Katrina Pyne, Assistant News Editor
Isolated and alone, she sits in the front row every time. The other students sit behind her in the auditorium. They have the choice, she doesn’t. For a shy person, it’s a nightmare.
Mary MacDonald has been in a wheelchair for 10 years due to muscular dystrophy. She’d love to sit with the other students, but the room doesn’t allow for someone with four wheels to join them.
“I have to sit up there by myself, sticking out like a sore thumb at the front, while all my classmates are seated behind me. It’s a feeling of exclusion,” she says.
MacDonald is involved with the Student Accessibility Fund committee at Dalhousie and is in her third year of the business program at Dal. She says it’s important to note that she can only speak on her own little slice of inaccessibility with her wheelchair. She cannot reflect on all experiences, a mistake commonly made when addressing disabilities.
She describes with grace her frustrations with certain aspects of campus, from high countertops to broken automatic doors, inaccessible classrooms and complete exclusion from events on campus.
“It would be helpful if there was a person using a wheelchair that they were consulting with for the planning of the campus outline,” she says.
In the summer of 2008, Dal hired a group of architects to begin planning out the Campus Master Plan, a layout of the campus which would increase the density of the campus, connect Sexton, Studley and Carleton, and create learning commons, among other goals. The plan was approved in November 2010.
John Crace, chairman of WHW Architects, was the local consultant for the project.
“I don’t actually remember meeting specifically with a group that represented accessibility issues on the campus,” says Crace, “but it was a common topic of conversation because there was a fairly high level of frustration with a lot of the existing buildings, so it was never too far from peoples minds.”
Crace says their team of architects followed the guidelines and principles already laid out for buildings, including the minimum requirements for accessibility.
“When buildings are built to the code, there should be really no barriers for anybody to get in and out of the buildings,” he says.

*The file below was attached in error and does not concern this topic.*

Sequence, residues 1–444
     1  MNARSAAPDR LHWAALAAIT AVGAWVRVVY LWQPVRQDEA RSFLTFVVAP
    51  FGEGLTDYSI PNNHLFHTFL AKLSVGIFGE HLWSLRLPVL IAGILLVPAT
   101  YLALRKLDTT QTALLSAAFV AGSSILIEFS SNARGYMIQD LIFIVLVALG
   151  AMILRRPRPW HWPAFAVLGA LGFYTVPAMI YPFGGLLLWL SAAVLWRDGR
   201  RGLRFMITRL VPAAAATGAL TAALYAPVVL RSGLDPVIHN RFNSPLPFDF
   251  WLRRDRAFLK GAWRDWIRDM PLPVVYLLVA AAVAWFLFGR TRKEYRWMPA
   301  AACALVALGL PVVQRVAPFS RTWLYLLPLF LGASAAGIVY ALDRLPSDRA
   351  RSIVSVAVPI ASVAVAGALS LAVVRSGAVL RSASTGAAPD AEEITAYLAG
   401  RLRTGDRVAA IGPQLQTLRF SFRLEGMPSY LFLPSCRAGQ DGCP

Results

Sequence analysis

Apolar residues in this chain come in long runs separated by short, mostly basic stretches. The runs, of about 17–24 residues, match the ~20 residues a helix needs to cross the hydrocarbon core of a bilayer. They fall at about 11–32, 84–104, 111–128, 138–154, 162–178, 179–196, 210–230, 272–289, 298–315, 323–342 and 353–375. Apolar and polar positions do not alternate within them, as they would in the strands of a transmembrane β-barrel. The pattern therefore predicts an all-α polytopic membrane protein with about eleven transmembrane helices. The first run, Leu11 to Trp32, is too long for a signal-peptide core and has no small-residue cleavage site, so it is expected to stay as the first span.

MacDonald would disagree.
“If they only meet the minimum standard of accessibility, that’s not adequate. They should be striving for full accessibility,” says MacDonald. “You have to ask if accessibility is just an afterthought.”
MacDonald was a student at Dalhousie in the 1990s. She says Dal has made tremendous improvements towards accessibility, including the Student Accessibility Services. Other areas, such as the Rowe Management Building, she describes as missed opportunities. The classrooms have staggered steps preventing her and many others from moving around.
“That building is going to be standing there for presumably the next forty to fifty years and how do you go about fixing it?”
Currently, Crace’s team is working on a project to renovate the Weldon Law Building.
“It has terrible accessibility,” says Crace. “Anyone in a wheelchair is directed to go around the side of the building like a second-class citizen.”
The Campus Master Plan will be an ongoing process that may take 10 years to complete. The Rowe building was completed before the Campus Master Plan was underway.
In the meantime, MacDonald would like to see Dal administration address other accessibility issues. She says the public events hosted by Dalhousie rarely take accessibility into account. Many of them take place at University Hall, which she describes as completely inaccessible.
“A person using a wheelchair is in a really awkward spot because then they have to point out that it’s not accessible and they know it’s going to be extremely disruptive for Dal to have to change that venue,” says MacDonald.
Another major issue is the Tiger Patrol, a transportation service that claims on its website to be “available to all students.”
“On a number of occasions I’ve left the Rowe Building at night and I can see the Tiger Patrol in front of the SUB, with students climbing aboard, but I can’t use it to get home.”
MacDonald carries a stick around with her, tucked into her chair, to reach elevator buttons on campus. She has learned to adjust to the inconveniences of her surroundings, but it hasn’t been easy.
On the one hand, she says there have been areas on campus with a lot of improvements, in other areas improvement for accessibility is still needed.
“I don’t think it’s unreasonable to expect a higher standard of accountability from a university of this size on accessibility issues,” says MacDonald.